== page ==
The levels of physical activity and motor skills in young children with and without autism spectrum disorder, aged 2-5 years

Autism. 2018 May;22(4):414-423. doi: 10.1177/1362361316683889. Epub 2017 Mar 1.


Autism spectrum disorder is the fastest growing developmental disability in the United States. As such, there is an unprecedented need for research examining factors contributing to the health disparities in this population. This research suggests a relationship between the levels of physical activity and health outcomes. In fact, excessive sedentary behavior during early childhood is associated with a number of negative health outcomes. A total of 53 children participated in this study, including typically developing children (mean age = 42.5 ± 10.78 months, n = 19) and children with autism spectrum disorder (mean age = 47.42 ± 12.81 months, n = 34). The t-test results reveal that children with autism spectrum disorder spent significantly less time per day in sedentary behavior when compared to the typically developing group ( t(52) = 4.57, p < 0.001). Furthermore, the results from the general linear model reveal that there is no relationship between motor skills and the levels of physical activity. The ongoing need for objective measurement of physical activity in young children with autism spectrum disorder is of critical importance as it may shed light on an often overlooked need for early community-based interventions to increase physical activity early on in development.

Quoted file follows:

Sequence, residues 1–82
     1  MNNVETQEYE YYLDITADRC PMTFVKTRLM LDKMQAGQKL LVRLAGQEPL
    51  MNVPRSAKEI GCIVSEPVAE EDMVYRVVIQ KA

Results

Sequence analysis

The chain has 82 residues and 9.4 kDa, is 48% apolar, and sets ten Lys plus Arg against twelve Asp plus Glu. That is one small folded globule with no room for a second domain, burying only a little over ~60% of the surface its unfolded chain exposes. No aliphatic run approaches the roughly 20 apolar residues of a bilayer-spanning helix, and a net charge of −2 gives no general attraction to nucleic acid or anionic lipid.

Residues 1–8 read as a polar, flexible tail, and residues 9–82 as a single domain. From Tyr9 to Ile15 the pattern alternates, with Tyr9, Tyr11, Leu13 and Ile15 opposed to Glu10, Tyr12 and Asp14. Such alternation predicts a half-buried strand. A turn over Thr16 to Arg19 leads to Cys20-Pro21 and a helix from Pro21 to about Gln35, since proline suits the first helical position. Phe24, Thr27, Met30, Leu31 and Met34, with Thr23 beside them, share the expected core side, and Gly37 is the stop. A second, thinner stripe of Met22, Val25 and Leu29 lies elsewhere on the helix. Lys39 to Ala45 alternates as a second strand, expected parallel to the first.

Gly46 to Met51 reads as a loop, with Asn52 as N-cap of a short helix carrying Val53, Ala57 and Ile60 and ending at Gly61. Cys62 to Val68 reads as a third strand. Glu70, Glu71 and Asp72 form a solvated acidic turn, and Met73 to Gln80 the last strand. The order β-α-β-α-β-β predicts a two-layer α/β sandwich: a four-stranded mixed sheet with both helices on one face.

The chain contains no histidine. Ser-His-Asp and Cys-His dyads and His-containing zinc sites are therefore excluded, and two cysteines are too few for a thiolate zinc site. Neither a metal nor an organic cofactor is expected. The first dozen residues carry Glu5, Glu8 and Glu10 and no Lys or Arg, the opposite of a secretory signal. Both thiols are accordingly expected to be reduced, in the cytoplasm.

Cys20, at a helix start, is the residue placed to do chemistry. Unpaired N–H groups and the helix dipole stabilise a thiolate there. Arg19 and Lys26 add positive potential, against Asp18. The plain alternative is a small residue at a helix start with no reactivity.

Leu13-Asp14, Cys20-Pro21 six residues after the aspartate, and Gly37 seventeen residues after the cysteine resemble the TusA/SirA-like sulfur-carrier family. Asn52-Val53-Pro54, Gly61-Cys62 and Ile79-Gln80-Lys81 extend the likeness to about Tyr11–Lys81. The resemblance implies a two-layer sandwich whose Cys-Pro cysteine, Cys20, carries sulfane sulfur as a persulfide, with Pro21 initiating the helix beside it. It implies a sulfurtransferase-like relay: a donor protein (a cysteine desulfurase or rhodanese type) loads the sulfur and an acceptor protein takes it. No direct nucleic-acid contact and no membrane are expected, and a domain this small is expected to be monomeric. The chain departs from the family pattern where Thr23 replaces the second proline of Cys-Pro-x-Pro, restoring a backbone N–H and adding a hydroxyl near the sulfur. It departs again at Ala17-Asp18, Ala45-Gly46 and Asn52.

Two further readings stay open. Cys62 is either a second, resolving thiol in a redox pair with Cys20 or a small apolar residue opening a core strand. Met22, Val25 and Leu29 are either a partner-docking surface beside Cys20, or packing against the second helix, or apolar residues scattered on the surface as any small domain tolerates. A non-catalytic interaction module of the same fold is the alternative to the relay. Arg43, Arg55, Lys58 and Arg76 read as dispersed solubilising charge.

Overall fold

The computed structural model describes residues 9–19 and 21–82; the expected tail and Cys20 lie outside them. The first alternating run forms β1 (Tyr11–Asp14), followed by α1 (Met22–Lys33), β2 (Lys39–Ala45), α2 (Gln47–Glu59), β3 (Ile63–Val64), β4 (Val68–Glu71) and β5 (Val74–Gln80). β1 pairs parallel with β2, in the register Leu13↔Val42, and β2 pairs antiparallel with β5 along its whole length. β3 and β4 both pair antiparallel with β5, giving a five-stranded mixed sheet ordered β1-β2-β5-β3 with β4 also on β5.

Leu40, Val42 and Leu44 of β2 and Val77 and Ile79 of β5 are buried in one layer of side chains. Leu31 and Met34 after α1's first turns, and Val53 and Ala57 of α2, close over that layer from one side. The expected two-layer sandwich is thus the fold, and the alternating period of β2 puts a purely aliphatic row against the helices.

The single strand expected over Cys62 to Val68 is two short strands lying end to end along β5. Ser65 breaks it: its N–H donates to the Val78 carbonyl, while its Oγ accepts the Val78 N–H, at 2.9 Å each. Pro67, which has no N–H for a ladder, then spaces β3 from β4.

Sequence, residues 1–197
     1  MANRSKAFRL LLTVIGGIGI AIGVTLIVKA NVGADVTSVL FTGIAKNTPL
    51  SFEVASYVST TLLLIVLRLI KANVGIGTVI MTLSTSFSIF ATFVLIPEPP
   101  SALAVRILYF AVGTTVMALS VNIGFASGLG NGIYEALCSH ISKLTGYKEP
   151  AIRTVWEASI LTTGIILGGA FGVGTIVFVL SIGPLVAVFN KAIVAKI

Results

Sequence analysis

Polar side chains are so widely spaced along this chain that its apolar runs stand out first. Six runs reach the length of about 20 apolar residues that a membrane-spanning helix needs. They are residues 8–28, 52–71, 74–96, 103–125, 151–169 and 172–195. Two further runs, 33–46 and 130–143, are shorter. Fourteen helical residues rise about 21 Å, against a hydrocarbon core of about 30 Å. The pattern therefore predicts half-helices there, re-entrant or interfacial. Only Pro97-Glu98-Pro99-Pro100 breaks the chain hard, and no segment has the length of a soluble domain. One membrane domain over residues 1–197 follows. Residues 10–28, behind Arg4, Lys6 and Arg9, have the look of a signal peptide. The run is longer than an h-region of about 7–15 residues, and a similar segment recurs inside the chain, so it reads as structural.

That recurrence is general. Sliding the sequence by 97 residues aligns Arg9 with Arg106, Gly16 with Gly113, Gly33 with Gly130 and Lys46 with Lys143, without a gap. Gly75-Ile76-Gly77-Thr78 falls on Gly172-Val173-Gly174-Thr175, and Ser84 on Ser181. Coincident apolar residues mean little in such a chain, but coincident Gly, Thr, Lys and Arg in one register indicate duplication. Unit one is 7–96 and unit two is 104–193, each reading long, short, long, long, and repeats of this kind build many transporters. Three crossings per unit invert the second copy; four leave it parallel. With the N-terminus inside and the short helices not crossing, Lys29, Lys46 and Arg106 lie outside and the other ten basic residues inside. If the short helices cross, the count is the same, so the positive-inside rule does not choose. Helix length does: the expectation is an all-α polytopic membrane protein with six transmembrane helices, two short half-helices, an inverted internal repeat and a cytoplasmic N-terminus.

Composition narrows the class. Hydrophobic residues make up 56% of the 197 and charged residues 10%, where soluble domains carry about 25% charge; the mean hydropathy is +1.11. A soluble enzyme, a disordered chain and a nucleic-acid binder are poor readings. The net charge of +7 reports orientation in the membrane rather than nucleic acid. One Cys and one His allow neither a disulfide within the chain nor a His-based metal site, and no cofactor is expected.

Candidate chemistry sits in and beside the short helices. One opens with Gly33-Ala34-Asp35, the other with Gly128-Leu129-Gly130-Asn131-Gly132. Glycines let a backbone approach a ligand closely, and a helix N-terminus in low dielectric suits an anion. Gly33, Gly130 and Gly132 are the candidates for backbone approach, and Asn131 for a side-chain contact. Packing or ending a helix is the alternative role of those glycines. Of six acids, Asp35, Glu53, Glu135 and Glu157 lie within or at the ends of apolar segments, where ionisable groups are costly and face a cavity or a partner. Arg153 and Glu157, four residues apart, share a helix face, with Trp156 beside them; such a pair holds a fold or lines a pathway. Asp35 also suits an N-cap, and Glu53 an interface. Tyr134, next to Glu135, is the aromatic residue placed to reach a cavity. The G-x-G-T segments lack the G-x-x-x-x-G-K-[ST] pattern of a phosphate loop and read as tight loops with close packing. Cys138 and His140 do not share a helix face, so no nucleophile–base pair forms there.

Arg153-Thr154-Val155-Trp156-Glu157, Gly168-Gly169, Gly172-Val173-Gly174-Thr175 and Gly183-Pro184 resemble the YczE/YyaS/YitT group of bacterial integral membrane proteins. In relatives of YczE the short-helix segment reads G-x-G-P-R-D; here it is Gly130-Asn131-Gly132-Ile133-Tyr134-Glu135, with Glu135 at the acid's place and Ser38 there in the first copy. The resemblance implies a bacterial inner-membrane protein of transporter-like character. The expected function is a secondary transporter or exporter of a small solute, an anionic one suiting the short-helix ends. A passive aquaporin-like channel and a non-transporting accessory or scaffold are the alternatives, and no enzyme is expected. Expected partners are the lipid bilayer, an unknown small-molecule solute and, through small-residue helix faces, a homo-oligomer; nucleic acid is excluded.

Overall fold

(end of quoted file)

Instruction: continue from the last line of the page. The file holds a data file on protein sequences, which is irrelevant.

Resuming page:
Keywords: autism spectrum disorders; motor skills; physical activity; preschool children.

Publication types

  • Research Support, Non-U.S. Gov't
  • Research Support, U.S. Gov't, Non-P.H.S.

MeSH terms

  • Age Factors
  • Autism Spectrum Disorder / psychology*
  • Case-Control Studies
  • Child Development
  • Child, Preschool
  • Exercise*
  • Female
  • Humans
  • Male
  • Motor Skills*
  • Sedentary Behavior